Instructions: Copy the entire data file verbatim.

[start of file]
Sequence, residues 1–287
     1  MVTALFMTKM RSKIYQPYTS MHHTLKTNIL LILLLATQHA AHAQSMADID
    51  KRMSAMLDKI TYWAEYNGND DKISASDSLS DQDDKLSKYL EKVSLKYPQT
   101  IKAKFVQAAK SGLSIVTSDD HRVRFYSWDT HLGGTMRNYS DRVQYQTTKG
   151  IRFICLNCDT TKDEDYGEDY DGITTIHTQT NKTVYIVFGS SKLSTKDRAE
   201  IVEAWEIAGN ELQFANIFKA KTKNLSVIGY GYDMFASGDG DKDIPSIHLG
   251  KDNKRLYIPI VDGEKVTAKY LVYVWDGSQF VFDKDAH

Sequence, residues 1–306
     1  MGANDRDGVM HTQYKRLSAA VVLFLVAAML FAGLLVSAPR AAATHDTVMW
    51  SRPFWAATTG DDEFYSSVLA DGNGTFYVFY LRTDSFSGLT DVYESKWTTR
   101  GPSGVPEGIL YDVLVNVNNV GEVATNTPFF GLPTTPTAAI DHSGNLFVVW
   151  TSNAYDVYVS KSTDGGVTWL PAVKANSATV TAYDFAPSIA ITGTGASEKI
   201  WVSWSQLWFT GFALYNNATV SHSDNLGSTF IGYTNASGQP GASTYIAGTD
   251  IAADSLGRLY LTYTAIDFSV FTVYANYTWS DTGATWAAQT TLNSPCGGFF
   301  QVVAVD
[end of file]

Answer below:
Sequence, residues 1–287
     1  MVTALFMTKM RSKIYQPYTS MHHTLKTNIL LILLLATQHA AHAQSMADID
    51  KRMSAMLDKI TYWAEYNGND DKISASDSLS DQDDKLSKYL EKVSLKYPQT
   101  IKAKFVQAAK SGLSIVTSDD HRVRFYSWDT HLGGTMRNYS DRVQYQTTKG
   151  IRFICLNCDT TKDEDYGEDY DGITTIHTQT NKTVYIVFGS SKLSTKDRAE
   201  IVEAWEIAGN ELQFANIFKA KTKNLSVIGY GYDMFASGDG DKDIPSIHLG
   251  KDNKRLYIPI VDGEKVTAKY LVYVWDGSQF VFDKDAH

Sequence, residues 1–306
     1  MGANDRDGVM HTQYKRLSAA VVLFLVAAML FAGLLVSAPR AAATHDTVMW
    51  SRPFWAATTG DDEFYSSVLA DGNGTFYVFY LRTDSFSGLT DVYESKWTTR
   101  GPSGVPEGIL YDVLVNVNNV GEVATNTPFF GLPTTPTAAI DHSGNLFVVW
   151  TSNAYDVYVS KSTDGGVTWL PAVKANSATV TAYDFAPSIA ITGTGASEKI
   201  WVSWSQLWFT GFALYNNATV SHSDNLGSTF IGYTNASGQP GASTYIAGTD
   251  IAADSLGRLY LTYTAIDFSV FTVYANYTWS DTGATWAAQT TLNSPCGGFF
   301  QVVAVD